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Filmmaker Sarah Polley in 2014. (Photo: Getty Images)

It seems TV execs can’t get enough of author Margaret Atwood nowadays. First Hulu ordered a 10-part adaptation of her 1985 dystopian novel A Handmaid’s Tale starring Mad Men‘s Elisabeth Moss in the lead role, and now next up to get the small screen treatment is Alias Grace, her 1996 Booker Prize-nominated novel about a 19th-century murder.

Variety reports that Sarah Polley, the writer and director behind recent films such as Away From Her (which starred Julie Christie and Olympia Dukakis) and Save the Waltz starring Michelle Williams, has adapted the 470-page book into a six-hour miniseries.

Also behind the adaptation are producer Noreen Halpern (Working the Engels) and director Mary Harron (American Psycho), creating a triumvirate of women rarely seen at the top of a major series.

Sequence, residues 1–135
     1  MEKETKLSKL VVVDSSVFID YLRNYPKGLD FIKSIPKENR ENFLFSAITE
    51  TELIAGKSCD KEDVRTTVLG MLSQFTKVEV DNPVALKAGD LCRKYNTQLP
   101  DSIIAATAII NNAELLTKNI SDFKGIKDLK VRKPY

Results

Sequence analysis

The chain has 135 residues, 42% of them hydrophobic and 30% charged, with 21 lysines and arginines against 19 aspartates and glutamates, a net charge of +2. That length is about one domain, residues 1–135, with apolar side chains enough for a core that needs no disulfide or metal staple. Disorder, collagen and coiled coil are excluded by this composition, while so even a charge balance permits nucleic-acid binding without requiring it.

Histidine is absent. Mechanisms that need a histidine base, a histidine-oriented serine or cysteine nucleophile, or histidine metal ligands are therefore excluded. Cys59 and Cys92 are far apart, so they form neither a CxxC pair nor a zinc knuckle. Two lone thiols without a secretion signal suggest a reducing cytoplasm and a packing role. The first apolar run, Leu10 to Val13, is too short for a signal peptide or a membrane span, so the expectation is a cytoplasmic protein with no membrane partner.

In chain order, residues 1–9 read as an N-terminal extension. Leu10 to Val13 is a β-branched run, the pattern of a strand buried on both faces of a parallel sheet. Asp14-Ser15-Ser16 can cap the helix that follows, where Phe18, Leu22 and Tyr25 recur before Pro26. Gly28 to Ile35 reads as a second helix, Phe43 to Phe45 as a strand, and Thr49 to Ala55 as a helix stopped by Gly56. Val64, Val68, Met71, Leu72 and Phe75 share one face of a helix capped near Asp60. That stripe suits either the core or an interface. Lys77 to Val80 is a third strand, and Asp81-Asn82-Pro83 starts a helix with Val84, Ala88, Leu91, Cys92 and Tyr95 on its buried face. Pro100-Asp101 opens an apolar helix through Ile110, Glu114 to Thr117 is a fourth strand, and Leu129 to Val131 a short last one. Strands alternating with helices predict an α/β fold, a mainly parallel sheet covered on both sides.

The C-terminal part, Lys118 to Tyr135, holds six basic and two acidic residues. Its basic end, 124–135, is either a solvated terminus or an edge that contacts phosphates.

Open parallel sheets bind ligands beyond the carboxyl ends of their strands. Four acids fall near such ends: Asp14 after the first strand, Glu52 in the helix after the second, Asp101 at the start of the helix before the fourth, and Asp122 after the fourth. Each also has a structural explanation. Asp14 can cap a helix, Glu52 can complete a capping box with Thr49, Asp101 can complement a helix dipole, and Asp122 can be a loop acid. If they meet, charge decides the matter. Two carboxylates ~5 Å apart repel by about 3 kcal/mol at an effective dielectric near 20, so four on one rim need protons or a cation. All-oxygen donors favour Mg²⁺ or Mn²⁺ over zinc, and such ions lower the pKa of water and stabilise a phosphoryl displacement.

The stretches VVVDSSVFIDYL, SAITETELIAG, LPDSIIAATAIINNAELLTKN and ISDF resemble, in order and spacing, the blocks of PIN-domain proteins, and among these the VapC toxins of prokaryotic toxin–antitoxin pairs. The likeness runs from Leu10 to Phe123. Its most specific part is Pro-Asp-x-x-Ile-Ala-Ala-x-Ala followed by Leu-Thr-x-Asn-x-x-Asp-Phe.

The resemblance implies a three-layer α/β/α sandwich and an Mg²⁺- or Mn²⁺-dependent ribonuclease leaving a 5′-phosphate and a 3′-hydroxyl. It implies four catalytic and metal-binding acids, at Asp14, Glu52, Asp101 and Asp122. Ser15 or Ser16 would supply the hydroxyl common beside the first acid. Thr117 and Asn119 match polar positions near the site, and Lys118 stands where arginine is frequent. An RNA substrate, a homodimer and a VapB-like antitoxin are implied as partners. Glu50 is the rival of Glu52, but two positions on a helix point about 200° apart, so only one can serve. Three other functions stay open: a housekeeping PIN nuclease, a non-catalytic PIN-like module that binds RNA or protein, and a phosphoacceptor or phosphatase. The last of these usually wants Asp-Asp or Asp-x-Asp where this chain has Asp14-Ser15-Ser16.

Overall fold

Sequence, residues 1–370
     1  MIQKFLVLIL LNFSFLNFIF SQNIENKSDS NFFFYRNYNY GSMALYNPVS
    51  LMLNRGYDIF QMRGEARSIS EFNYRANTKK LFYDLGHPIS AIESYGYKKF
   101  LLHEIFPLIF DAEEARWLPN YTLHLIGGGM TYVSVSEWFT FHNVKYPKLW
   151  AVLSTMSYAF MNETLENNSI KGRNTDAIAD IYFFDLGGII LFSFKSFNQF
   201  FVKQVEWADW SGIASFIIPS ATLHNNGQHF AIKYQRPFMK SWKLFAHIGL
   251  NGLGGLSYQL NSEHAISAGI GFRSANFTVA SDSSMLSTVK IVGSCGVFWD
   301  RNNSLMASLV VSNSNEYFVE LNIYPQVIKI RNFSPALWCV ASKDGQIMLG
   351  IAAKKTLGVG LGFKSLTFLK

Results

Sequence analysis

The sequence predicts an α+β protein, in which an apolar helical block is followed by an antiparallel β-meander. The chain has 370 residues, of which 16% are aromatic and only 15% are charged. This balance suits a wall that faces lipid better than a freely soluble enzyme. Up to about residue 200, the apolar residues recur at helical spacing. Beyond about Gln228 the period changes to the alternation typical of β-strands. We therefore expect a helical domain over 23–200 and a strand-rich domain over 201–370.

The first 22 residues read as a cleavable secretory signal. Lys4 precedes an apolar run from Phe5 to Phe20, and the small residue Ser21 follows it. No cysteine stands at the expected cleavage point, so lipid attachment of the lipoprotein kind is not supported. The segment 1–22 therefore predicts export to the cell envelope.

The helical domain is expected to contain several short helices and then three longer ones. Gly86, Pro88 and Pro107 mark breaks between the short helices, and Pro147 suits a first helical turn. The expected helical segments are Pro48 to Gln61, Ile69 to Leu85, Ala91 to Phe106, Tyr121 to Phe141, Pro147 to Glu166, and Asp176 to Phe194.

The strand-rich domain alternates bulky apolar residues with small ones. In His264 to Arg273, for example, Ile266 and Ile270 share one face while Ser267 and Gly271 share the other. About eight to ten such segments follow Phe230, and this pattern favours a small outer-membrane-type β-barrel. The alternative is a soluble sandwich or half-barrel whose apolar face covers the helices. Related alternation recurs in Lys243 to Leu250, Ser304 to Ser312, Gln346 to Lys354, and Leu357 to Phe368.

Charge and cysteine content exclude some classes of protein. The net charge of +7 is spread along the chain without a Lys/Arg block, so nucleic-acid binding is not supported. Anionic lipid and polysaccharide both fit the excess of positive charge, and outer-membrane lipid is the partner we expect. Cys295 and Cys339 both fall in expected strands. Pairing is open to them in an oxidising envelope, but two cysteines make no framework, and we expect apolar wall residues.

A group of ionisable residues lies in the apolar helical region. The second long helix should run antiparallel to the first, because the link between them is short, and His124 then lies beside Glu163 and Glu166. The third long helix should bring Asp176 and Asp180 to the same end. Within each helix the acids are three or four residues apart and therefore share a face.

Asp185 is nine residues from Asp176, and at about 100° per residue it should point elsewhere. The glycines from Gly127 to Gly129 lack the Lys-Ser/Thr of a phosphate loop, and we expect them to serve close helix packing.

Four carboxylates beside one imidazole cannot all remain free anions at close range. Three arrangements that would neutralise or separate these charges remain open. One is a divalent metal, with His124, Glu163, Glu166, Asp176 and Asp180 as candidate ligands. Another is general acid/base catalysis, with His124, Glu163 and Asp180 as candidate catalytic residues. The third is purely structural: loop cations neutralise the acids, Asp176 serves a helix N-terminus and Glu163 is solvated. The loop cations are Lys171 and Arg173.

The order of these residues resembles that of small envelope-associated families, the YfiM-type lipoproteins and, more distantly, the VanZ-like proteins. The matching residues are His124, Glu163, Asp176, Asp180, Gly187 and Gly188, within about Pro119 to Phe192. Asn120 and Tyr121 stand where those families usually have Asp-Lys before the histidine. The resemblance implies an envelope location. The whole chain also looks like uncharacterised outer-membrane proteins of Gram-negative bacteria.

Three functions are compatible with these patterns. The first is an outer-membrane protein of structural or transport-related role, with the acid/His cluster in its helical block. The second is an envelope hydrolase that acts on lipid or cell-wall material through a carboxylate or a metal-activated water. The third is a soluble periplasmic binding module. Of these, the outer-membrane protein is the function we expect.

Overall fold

Add to that a fascinating female protagonist in the form of Grace Marks, a real-life servant in 19th-century Canada who was convicted of the murder of her employer and a housekeeper. In the book, while in jail awaiting her execution, she meets young doctor Simon Jordan, who researches her case and becomes convinced of her innocence, falling in love with her in the process.

Polley describes Grace as “the most complex, riveting character I have ever read,” though there’s no word yet on who’ll play her. Meanwhile director Harron makes an intriguing comparison with the recent spate of popular shows that deal with real-life murders, saying it “combines the richness of period drama with the tension and mystery of a modern-day Serial.” And if that doesn’t get your crinoline rustling, we don’t know what does.

Alias Grace will be broadcast on Canada’s CBC network and available on Netflix for the rest of us.

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By Kat Sommers
Kat is a freelance writer for Anglophenia.